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Synopsis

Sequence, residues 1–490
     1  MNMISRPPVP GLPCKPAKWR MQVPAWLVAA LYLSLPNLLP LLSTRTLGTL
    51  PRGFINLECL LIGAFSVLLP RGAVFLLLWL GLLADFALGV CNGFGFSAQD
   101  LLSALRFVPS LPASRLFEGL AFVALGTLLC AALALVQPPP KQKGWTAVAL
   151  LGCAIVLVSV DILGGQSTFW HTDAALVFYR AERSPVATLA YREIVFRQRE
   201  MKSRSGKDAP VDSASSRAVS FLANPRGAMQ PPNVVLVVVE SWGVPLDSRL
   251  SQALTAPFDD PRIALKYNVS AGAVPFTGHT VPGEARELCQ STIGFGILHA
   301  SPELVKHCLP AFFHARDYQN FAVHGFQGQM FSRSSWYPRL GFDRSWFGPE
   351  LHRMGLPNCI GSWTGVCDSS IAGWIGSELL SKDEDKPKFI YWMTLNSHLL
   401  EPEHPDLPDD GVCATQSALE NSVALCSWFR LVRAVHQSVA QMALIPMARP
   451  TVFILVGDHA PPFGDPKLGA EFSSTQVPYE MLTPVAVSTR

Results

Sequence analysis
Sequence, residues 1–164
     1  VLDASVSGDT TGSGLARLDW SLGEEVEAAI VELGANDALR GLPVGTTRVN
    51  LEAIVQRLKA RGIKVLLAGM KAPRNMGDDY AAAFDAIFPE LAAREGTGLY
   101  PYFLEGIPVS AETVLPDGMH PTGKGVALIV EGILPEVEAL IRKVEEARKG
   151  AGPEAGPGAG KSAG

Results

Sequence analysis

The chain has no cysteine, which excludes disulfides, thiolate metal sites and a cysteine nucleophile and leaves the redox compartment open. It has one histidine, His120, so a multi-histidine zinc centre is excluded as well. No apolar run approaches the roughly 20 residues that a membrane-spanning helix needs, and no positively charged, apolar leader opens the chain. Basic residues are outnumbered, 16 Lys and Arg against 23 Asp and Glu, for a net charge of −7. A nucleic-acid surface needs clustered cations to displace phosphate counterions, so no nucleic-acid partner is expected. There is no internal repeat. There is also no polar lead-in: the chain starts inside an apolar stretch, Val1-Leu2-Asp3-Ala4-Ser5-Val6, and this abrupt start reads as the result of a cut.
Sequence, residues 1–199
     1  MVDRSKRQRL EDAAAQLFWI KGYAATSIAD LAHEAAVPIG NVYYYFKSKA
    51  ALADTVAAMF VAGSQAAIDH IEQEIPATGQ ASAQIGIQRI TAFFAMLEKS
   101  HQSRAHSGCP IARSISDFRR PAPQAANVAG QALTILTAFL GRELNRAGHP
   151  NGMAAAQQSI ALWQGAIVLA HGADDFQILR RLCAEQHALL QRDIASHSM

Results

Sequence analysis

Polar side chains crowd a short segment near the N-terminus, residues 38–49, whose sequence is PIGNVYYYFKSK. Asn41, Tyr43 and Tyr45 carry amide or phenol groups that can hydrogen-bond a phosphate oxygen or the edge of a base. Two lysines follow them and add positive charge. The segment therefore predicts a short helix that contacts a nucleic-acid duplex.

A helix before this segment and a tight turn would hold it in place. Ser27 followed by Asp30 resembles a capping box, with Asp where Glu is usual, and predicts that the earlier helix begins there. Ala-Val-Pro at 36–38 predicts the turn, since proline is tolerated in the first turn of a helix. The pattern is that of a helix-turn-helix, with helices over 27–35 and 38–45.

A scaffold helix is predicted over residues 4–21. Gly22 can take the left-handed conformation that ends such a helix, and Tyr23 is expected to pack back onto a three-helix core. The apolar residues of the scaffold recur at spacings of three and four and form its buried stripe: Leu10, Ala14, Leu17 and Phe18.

Ever since feminist scholarship began to reintroduce Harriet Beecher Stowe's writings to the American Literary canon in the 1970s, critical interest in her work has steadily increased. Rediscovery and ultimate canonization, however, have concentrated to a large extent on her major novelistic achievement, Uncle Tom's Cabin (1852). Only in recent years have critics begun to focus more seriously on the wide variety of her work and started to create knowledge that broadens our understanding. Beyond Uncle Tom's Cabin: The Writings of Harriet Beecher Stowe, edited by Sylvia Mayer and Monika Mueller, shows that during her long writing and publishing career, Stowe was a highly prolific writer who targeted diverse audiences, dealt with drastically changing economic, commercial, and cultural contexts, and wrote in a diversity of genres. Reflecting a recent trend to move Stowe's other texts to the fore, the essays collected in this volume thus go beyond the critical focus on Uncle Tom's Cabin. They focus on several of Stowe's other texts that have also significantly contributed to American literary and cultural history, among them her New England novels, her New York City novels, and her fictional writings on religious differences between Europe and the U.S. The essays in the first part of Beyond Uncle Tom's Cabin: The Writings of Harriet Beecher Stowe concentrate on Stowe's language use, her rhetoric and choices of narrative technique and style, while the essays in the second part concentrate on thematic issues such as the representation of race, ethnicity, and religion, her participation in the emerging environmentalist movement, and Stowe's response to major economic shifts after the Civil War.

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